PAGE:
DUVALLE v. LAKE KENILWORTH, INC.

No. 80-C-1405.

396 So.2d 1268 (1981)

Alvin J. DUVALLE, Jr. v. LAKE KENILWORTH, INC. et al.

Supreme Court of Louisiana.

April 6, 1981.


Attorney(s) appearing for the Case

James S. Quinlivan, Jr., River Ridge, for plaintiff-applicant.

S. Frazer Rankin, of Montgomery, Barnett, Brown & Read, New Orleans, for defendants-respondents.


DENNIS, Justice.

The issue presented in this tort suit is whether summary judgment should have been granted declaring that plaintiff's exclusive remedy is under the worker's compensation statute. Resolution of the question depends on whether defendant has shown there is no genuine issue as to a material fact, i. e., that the work of Dennis Miller Pest Control Company performed for Lake Kenilworth, Inc., was either "a part of [Lake Kenilworth's] trade, business or occupation or which [it] had contracted to perform" for purposes of establishing coverage by the worker's compensation statute. La. R.S. 23:1061.

Plaintiff, Alvin J. Duvalle, Jr., was an employee of Dennis Miller Pest Control Company that had contracted with Lake Kenilworth, Inc. to provide pest extermination services for Lake Kenilworth's apartment complex on a monthly basis. Duvalle brought this tort action for injuries he allegedly sustained when he tripped over loose carpeting while servicing one of defendant's apartments. Defendant successfully moved for summary judgment on the grounds that since pest extermination was part of its trade, business or occupation, plaintiff's exclusive remedy for his injuries was under the worker's compensation statute because Lake Kenilworth was plaintiff's "statutory employer," against whom a worker cannot maintain an action for an unintentional tort. La.R.S. 23:1032, 1061. Plaintiff appealed contending that the record indicated there was genuine issue as to a material fact which could be determined properly only by a trial on the merits.

The court of appeal affirmed finding statutory employer status under a different rationale, i. e., that Lake Kenilworth had impliedly contracted with its tenants to provide pest control that was "work ... which [Lake Kenilworth] had contracted to perform," La.R.S. 23:1061; 383 So.2d 408.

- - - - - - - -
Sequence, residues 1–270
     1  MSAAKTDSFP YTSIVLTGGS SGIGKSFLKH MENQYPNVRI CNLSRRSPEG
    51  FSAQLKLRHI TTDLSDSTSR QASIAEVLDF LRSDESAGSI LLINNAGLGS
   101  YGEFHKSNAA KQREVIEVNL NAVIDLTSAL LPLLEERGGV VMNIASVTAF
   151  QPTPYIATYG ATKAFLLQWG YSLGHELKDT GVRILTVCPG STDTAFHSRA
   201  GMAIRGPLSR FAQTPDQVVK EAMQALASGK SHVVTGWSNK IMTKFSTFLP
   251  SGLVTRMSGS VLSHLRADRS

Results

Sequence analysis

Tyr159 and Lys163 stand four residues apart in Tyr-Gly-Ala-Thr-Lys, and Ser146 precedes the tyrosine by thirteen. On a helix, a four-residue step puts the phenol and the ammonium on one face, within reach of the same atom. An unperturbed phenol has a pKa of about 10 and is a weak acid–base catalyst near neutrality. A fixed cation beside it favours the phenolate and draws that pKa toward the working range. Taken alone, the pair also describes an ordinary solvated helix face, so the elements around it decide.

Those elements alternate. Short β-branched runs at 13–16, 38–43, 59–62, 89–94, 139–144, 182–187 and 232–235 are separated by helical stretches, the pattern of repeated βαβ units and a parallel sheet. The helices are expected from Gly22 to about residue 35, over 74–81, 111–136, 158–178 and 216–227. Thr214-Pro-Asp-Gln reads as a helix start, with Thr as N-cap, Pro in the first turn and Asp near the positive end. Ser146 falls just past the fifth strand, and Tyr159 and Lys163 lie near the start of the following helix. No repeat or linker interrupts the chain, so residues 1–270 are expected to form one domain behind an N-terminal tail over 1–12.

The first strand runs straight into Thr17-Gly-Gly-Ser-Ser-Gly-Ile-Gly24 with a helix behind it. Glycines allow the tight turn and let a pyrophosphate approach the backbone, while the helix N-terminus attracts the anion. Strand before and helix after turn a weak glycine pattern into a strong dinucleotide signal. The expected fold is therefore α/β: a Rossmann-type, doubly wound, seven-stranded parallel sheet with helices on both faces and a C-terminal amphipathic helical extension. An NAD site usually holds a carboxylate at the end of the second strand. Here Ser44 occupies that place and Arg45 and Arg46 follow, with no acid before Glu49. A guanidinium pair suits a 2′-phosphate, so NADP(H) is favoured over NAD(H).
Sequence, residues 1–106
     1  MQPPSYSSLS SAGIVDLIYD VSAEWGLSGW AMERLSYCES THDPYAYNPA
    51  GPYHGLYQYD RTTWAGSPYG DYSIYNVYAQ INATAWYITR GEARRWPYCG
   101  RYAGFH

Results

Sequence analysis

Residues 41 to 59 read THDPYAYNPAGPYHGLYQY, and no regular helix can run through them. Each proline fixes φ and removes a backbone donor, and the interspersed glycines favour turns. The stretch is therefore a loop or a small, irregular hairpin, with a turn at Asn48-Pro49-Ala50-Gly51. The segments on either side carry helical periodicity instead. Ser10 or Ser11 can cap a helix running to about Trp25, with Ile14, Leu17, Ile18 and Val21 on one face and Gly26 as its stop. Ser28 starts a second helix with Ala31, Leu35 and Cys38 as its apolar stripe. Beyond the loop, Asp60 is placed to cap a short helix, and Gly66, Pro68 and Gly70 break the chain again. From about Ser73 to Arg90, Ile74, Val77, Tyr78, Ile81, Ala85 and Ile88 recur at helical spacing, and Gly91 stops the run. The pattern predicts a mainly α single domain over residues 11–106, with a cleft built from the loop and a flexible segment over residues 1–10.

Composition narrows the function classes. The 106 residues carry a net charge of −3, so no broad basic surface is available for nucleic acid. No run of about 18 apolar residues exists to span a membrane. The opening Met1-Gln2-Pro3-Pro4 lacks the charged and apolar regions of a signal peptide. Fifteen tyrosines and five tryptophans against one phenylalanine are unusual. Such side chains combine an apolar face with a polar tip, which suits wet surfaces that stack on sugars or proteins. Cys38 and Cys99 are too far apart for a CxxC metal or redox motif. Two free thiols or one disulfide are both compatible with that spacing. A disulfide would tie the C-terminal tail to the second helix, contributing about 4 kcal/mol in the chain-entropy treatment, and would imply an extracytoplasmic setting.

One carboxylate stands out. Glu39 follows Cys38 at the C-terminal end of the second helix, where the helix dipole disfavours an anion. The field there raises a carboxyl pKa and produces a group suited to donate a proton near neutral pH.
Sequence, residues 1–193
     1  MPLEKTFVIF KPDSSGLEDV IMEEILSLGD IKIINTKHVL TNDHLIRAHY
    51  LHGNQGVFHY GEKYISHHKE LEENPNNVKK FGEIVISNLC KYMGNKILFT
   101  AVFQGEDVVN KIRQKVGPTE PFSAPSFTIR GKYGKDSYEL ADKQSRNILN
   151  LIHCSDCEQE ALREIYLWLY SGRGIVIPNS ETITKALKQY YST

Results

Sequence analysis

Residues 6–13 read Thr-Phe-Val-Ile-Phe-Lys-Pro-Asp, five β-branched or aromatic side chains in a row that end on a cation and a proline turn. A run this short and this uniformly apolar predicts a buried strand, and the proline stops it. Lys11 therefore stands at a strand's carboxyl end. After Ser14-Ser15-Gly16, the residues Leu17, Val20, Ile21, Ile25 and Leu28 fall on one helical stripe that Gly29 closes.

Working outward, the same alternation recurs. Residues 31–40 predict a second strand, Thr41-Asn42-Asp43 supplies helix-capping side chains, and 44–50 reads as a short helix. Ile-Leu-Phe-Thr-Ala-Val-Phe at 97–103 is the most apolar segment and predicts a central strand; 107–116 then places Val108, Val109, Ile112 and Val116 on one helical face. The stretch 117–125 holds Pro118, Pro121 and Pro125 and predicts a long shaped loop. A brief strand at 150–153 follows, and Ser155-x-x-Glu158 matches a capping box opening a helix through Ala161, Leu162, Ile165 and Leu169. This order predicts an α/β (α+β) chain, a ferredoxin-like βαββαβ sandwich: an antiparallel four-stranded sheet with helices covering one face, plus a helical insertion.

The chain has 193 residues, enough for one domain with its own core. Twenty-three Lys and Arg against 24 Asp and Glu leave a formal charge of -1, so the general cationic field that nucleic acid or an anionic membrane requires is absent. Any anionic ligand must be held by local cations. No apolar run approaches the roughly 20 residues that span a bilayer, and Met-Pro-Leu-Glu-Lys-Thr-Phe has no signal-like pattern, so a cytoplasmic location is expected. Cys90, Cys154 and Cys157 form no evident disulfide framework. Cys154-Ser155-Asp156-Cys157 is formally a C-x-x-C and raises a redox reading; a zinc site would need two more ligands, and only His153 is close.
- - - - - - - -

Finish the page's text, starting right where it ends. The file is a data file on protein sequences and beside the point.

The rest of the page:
A motion for summary judgment should be granted where it is shown that no genuine issue of material fact exists and the movant is entitled to judgment as a matter of law. La.C.C.P. art. 966; Cates v. Beauregard Electric Coop., 328 So.2d 367 (La.1976). The party moving for summary judgment has the burden of showing the absence of a genuine issue as to any material fact. Mashburn v. Collin, 355 So.2d 879 (La.1977). And where the trial court is presented with a choice of reasonable inferences to be drawn from the subsidiary facts contained in the affidavits, attached exhibits and depositions, the reasonable inferences must be viewed in the light most favorable to the party opposing the motion. Mashburn v. Collin, supra; United States v. Diebold, Inc., 369 U.S. 654, 82 S.Ct. 992, 8 L.Ed.2d 176 (1962); 6 Moore's Federal Practice, § 56.15[1]; Green v. Southern Bell Tel. & Tel. Co., 204 So.2d 648 (La.App. 3d Cir. 1968).

In order for defendant to succeed under its motion as framed, it must be undisputed that Lake Kenilworth was plaintiff's principal or statutory employer. To meet this test it must appear certain that the work undertaken by plaintiff's actual employer, Dennis Miller Pest Control Company, was part of Lake Kenilworth's trade, business or occupation or was work which it had contracted to perform. La.R.S. 23:1061.